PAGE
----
Development of the farmland between Sheen Common and the Upper Richmond Road in the 1850s.


Around 1850 the farm at the entrance to Sheen Common, was divided into twenty lots, usually between 1 or 2 acres in area, and new roads the present Christ Church Road and of Blind Lane (Temple Sheen Road) and the construction of two new roads, now known as West Temple Sheen and Derby Road. The latter was initially called Upper Sheen Road.

There were five lots on the west side of Derby Road and these were purchased by William Morley from Derbyshire. He proceeded to build Derby Lodge , an Italianate-style villa with a tower, on the western side, approached by a drive with a lodge at the entrance from the Upper Richmond Road. However, he fell into financial difficulties and was forced to sell. This provides the explanation for the ensuing development which was quite different from that envisaged in the original layout. A new road, Stanley Road, was constructed through the grounds with a big loop to circumvent the house, and "33 Plots of valuable freehold land having important frontages and immediately available for the erection of Villa Residences" were offered for sale by auction in 1866. The houses on the west side of Derby Road and on both sides of Stanley Road were built as a result. Later on the Derby Arms public house was built in the Upper Richmond Road between the two roads.

Of the remaining fifteen lots, the first house was built in 1852 and was called Sheen Mount , the name of which is preserved by the school on its site. It was built by Thomas Hare, a jurist and political reformer, who was best known in his day for his work on proportional representation.

In 1853 Sir Henry Taylor, a civil servant in the Colonial Office, dramatic poet and author of Philip van Artevelde, moved to Uplands. He had lived at Leyden House, Thames Bank, since 1844 but began to doubt whether that situation was condusive to the health of his children.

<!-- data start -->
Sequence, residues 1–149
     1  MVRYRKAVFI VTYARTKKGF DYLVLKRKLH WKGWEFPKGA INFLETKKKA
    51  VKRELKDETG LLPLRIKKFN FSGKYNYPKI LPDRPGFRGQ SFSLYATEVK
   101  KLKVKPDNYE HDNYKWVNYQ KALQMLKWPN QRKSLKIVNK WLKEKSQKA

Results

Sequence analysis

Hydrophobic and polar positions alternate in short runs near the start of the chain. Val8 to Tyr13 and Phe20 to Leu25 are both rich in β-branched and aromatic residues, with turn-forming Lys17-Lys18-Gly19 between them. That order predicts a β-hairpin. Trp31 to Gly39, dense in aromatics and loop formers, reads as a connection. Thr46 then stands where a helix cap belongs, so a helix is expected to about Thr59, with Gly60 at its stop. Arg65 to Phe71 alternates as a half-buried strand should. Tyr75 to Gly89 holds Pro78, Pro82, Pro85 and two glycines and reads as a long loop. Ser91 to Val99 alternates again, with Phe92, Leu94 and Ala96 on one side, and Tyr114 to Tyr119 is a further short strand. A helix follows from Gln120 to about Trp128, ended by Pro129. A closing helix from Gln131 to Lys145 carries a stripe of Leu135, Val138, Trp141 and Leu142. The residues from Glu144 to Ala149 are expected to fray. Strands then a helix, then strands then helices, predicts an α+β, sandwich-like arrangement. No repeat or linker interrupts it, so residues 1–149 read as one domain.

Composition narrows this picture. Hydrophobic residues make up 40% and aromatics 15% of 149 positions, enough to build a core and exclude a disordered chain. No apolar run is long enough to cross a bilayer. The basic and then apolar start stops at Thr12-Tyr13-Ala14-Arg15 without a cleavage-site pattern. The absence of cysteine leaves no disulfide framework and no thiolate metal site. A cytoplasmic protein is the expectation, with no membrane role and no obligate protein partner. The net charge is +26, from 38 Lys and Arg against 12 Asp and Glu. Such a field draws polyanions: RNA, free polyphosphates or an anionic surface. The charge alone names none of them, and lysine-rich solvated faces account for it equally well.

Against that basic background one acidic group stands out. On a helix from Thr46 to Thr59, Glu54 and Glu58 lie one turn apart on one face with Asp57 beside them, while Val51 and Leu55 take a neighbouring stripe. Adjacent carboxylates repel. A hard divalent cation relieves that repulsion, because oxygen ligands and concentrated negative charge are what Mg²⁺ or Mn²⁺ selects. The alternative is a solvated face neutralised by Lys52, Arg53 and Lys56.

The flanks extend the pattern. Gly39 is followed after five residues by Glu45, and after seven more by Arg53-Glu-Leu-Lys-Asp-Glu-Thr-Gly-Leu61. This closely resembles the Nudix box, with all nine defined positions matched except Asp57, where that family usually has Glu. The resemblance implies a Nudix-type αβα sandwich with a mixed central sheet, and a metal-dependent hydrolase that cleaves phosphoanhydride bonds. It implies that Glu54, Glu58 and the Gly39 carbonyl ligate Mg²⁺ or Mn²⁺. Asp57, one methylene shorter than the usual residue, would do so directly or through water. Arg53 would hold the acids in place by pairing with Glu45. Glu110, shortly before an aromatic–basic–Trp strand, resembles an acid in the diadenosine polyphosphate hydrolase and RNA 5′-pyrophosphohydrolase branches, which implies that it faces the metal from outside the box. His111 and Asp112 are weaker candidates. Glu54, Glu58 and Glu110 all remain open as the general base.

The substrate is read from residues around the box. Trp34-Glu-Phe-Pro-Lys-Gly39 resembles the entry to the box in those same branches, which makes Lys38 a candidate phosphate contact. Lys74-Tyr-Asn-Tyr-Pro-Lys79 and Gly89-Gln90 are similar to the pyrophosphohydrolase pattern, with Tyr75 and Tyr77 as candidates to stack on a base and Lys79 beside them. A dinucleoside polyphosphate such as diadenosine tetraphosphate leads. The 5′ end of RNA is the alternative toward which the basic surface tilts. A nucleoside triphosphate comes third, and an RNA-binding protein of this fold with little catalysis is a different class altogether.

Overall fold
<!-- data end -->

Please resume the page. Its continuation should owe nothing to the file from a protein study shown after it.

About the same time Charles Ellis, wine merchant and son of Joseph Ellis, proprietor of the Star & Garter at Richmond, built The Orchard, on the site of the farm's orchard. He was the author of Richmond: and Other Poems, published in 1845. You can still see high up on the north side a stone inscribed "C.E. 1856".

Further north, Furness Lodge, at first known as Petra House, was built at the top of Derby Road. The builder was Henry Goodale of Mortlake and its first occupant was Sir Henry Durand, Major-General, Royal Engineers, and later Lieutenant-Governor of the Punjab. To the east of this appeared Sharon Villa, later known as Coval Lodge, built by Joseph Wigley, a fire hose manufacturer. It was demolished in 1933. Finally, we must not forget to mention the appearance of the Victoria inn, very much as it stands today, but at that time surprisingly isolated for a public house.

The farmhouse itself was purchased by Edward Penrhyn of The Cedars and continued in his family's ownership for many years. It was named The Gables and was let to Sir Charles Bagot, First Commissioner in Lunacy, who lived there for half a century.